I've mentioned before about how we in the ambulance service have procedures in place for the elderly who we suspect of being at risk. If there is a risk of abuse or violence then we can fill in a form, fax it off to Control as soon as we reach a hospital and the team in Control will make sure that Social Services are made aware of our concerns.
It works pretty well to be honest – I've done a couple of these 'vulnerable adult/vulnerable child' referrals and have gotten good feedback on most of them.
Unfortunately there is no easy way to alert social services to a 'non-emergency' cause for referral.
We were called to an elderly lady who had gotten out of bed and had slipped. She had fallen on the floor and couldn't get up. Also in the house was the woman's sister, also in her eighties. Her sister had tried to help, but the patient was heavy and the sister was frail. Our patient was stuck.
I'm more than happy to go to these sorts of calls (a 'Nan down' call) mostly because if the cause of the fall is a simple trip or slip we can pick them up, check them for injuries and more often than not leave them at home. The patient is happy to be off the floor and not being dragged to hospital, and we are happy because we feel that we have done something useful for a change.
In this case it was a simple slip that had caused the patient to fall and she had not hurt herself. We picked her up off the floor and after an examination were more than happy to leave her at home.
I asked the patient and her sister if they had any carers, anyone who came in and helped them with the day to day stuff. She replied that there was a district nurse once, but that she had disappeared without doing anything.
With my inexpert eye I looked around the flat. I could see where some handrails could be useful, where some modifications to the bath could improve safety and where a better bed could prevent a recurrence of the fall. The patients could also do with a community alarm.
(Community alarms are great, the person wears an alarm around their neck and if they fall over or get into trouble they can activate it and we turn up to help them).
So it appeared that someone had been there once, but since then the sisters had dropped off the radar.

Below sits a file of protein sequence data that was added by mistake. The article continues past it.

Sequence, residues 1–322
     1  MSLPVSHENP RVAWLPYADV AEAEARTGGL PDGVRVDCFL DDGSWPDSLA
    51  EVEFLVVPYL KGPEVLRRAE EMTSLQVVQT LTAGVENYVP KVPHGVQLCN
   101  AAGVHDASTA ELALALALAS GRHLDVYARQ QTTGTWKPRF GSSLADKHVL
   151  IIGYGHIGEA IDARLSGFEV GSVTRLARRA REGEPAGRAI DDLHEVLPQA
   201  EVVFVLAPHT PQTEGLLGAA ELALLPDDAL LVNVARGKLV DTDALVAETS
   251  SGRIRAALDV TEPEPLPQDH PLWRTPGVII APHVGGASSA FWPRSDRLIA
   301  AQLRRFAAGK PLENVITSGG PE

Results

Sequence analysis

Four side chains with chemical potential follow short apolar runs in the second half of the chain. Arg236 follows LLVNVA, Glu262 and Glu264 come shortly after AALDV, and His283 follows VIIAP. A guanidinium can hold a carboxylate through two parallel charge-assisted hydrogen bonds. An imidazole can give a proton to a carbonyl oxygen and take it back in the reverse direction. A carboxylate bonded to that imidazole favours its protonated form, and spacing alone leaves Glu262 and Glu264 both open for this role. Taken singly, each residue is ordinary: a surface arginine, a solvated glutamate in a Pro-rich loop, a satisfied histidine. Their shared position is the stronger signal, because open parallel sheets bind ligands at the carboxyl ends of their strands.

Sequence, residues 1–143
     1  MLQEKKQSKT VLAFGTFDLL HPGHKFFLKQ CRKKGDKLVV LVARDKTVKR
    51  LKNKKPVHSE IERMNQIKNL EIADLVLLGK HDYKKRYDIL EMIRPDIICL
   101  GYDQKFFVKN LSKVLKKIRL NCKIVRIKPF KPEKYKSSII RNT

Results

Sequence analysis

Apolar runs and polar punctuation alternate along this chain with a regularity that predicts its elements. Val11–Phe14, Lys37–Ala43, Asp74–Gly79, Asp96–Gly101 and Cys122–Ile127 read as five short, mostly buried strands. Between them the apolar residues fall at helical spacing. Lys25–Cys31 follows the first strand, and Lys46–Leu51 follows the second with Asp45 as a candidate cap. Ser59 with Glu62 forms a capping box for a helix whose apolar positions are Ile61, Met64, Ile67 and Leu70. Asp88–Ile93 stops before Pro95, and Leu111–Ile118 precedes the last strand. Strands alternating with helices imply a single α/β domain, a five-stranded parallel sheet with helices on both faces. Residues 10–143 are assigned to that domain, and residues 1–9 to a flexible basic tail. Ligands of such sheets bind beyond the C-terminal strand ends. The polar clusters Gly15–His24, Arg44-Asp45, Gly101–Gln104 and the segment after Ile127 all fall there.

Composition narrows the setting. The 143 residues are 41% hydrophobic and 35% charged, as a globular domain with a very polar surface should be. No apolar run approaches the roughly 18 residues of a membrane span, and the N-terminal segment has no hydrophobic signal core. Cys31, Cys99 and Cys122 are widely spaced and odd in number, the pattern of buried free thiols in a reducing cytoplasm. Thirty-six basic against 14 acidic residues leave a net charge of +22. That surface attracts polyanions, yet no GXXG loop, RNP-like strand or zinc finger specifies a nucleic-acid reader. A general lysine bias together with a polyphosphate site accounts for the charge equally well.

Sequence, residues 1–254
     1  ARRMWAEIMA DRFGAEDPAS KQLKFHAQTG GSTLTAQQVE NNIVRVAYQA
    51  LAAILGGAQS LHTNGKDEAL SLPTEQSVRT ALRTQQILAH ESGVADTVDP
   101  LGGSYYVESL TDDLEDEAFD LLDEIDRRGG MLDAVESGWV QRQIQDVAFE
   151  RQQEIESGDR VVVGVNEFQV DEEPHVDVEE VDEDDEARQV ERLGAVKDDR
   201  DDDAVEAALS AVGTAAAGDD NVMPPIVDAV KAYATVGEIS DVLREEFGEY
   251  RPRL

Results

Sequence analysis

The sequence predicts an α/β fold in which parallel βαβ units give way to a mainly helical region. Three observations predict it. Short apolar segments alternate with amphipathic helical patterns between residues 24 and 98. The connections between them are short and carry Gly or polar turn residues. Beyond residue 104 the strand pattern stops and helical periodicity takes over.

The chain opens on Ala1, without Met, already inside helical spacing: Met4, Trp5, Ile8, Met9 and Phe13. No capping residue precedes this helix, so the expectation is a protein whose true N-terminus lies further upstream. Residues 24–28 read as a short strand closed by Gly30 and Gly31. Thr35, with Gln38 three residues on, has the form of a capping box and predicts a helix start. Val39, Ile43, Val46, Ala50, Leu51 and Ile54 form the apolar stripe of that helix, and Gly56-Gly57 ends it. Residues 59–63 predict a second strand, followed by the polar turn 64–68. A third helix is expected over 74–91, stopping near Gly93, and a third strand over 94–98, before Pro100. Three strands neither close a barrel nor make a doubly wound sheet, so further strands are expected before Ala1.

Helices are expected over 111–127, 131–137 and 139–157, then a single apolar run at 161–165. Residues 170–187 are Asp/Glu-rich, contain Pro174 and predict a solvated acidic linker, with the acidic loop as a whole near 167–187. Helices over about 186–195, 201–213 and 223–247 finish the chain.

There was no way that I could justify filling in a 'vulnerable adults' form for this, they weren't 'vulnerable' they just needed a proper assessment to provide some things that would make their life that little bit easier and safer. If I filled in one of those forms it would take time and resources away from those who really did need immediate action.
Unfortunately I'm stuck – we have no pathway in place to involve social services in any way other than in an emergency fashion. Our Emergency Care Practitioners can refer patients to social services, but only if they live in certain postcodes (where PCTs fund the ECPs – it all gets horribly complicated).
The LAS could do with improving this – we need a way to bring patients to the attention to the social services that doesn't require it being an 'emergency'. Lets face it, we see hundreds of people each day (around 4,300 calls each day at the moment), who better to keep an eye out for people who might be at risk, yet who haven't yet had any social services input?
Maybe the social services don't trust us to to their job for them? Maybe they are so over-stretched that they can't deal with a raft of new referrals that we would make?
Well – in this case I've 'cheated'. I gathered the patient's details, spoke to a friendly receptionist (actually all the receptionists at the hospitals are friendly) so I could get the GP details and I've now written a letter to the GP detailing my concerns. I've done all I can do about this situation which means that I can sleep at night, but wouldn't it be better if we didn't have to 'cheat'.
I hope that the GP/social services doesn't get snotty – I hate having to shout at people…